The Montgomery Bus Boycott was a thirteen-month mass protest that was sparked by the arrest of Rosa Parks on December 1, 1955. The Montgomery Improvement Association (MIA), with Dr. Martin Luther King as president, coordinated the boycott to take place on Dec. 5, 1955. It was his first role as a civil rights leader. This would be an important day for ten-year-old Charles Patterson Everett IV (Peter), who doesn’t quite understand all the talk about boycotts. He eventually gains an understanding of the meaning of it all after hearing Dr. King speak, learning a valuable lesson that would stick with him for a lifetime.
Yolanda L. Everett is a native of Montgomery, Alabama. She is a mother, a daughter, a sister, an educator, a singer, a songwriter, and a friend to many. Her book about the experiences of her father, Charles Everett, with the Montgomery Bus Boycott when he was a child reflects the unity and strength that African Americans demonstrated during the Civil Rights Movement. “We need that same unity and strength in our communities today now more than ever before,” she says. “The legacy left behind from those who fought for our rights will live on forever. I want my daughter to know about that legacy, and I want her to understand the African American experience.” Yolanda and her daughter Daija Duncan live in Atlanta, Georgia, where Yolanda has been a teacher for twenty-one years.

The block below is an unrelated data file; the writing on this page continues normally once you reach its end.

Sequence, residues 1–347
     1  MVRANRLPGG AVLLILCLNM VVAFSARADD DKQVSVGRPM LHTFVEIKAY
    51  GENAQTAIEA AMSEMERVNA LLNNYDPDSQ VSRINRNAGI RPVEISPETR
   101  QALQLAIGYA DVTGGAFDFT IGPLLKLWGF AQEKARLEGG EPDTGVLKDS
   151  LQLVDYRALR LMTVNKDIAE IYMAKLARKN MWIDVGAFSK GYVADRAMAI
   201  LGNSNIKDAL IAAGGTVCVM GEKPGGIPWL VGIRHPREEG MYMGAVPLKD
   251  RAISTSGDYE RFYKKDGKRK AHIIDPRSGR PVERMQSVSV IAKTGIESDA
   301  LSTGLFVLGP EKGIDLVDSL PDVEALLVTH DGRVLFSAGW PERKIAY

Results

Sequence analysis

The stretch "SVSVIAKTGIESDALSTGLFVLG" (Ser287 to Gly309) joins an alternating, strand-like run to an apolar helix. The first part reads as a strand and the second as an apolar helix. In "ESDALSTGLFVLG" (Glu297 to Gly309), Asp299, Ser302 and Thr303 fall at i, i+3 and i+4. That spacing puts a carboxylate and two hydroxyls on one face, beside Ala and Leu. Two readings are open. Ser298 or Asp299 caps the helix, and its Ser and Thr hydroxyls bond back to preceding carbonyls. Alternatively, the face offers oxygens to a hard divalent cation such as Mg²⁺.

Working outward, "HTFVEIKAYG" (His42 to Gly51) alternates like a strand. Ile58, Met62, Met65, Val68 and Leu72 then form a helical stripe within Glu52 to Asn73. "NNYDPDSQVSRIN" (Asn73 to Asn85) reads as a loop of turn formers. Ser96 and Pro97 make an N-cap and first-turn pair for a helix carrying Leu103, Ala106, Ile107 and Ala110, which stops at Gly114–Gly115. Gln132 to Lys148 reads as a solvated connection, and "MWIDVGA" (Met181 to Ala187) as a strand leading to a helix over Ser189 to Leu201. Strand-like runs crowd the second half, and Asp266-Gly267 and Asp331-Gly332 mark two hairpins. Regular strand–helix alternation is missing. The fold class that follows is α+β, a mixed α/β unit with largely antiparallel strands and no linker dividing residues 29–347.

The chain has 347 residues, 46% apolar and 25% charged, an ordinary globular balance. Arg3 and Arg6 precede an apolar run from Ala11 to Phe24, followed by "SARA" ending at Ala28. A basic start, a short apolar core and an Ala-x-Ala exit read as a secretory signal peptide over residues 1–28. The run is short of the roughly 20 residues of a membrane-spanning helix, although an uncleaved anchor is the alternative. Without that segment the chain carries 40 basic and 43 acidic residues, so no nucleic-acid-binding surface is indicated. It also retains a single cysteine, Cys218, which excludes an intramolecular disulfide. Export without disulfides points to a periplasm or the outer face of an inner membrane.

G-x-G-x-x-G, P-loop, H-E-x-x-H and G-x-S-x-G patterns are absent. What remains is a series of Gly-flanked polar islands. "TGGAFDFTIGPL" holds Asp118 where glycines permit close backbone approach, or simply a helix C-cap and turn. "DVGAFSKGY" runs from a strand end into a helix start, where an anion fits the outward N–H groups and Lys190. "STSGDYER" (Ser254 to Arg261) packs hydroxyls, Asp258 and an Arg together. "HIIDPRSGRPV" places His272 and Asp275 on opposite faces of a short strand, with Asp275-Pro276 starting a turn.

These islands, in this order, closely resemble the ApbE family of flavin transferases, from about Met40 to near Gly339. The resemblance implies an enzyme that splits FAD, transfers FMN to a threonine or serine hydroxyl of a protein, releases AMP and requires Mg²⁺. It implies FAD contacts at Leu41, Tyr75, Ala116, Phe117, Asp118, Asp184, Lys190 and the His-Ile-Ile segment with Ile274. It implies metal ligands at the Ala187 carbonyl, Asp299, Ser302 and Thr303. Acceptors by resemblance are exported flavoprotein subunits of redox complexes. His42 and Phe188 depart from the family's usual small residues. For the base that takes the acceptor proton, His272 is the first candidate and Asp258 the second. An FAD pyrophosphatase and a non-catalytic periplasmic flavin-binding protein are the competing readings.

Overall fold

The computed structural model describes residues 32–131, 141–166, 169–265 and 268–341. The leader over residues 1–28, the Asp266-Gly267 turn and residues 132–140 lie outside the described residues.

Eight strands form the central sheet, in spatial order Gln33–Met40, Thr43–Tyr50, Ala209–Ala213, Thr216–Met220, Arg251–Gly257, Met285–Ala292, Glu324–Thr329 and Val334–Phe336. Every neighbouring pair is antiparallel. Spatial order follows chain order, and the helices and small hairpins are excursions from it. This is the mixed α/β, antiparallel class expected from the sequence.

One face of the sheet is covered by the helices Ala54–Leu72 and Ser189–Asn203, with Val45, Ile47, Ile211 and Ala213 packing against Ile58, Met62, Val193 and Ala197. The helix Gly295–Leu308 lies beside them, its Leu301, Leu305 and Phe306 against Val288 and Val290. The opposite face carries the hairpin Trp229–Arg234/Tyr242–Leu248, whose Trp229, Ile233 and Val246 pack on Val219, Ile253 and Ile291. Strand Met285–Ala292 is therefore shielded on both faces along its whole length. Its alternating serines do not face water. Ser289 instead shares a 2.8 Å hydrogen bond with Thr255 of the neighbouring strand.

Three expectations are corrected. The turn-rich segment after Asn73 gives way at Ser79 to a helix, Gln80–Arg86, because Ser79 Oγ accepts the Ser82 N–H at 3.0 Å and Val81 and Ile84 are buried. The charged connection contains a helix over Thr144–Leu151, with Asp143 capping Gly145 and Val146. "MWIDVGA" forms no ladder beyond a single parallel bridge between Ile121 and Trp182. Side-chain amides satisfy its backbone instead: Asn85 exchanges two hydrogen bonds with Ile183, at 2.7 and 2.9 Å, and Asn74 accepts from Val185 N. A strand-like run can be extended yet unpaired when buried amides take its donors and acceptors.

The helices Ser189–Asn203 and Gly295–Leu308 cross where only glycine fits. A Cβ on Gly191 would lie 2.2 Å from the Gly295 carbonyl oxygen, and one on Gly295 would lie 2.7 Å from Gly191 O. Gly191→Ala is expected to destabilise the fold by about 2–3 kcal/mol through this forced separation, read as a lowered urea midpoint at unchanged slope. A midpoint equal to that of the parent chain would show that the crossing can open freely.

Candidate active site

I think the book is exceptional. The back story behind the book is amazing, plus you add the facts to back it up. As a African American new writer I look up to Yolanda for putting something not popular but necessary for today.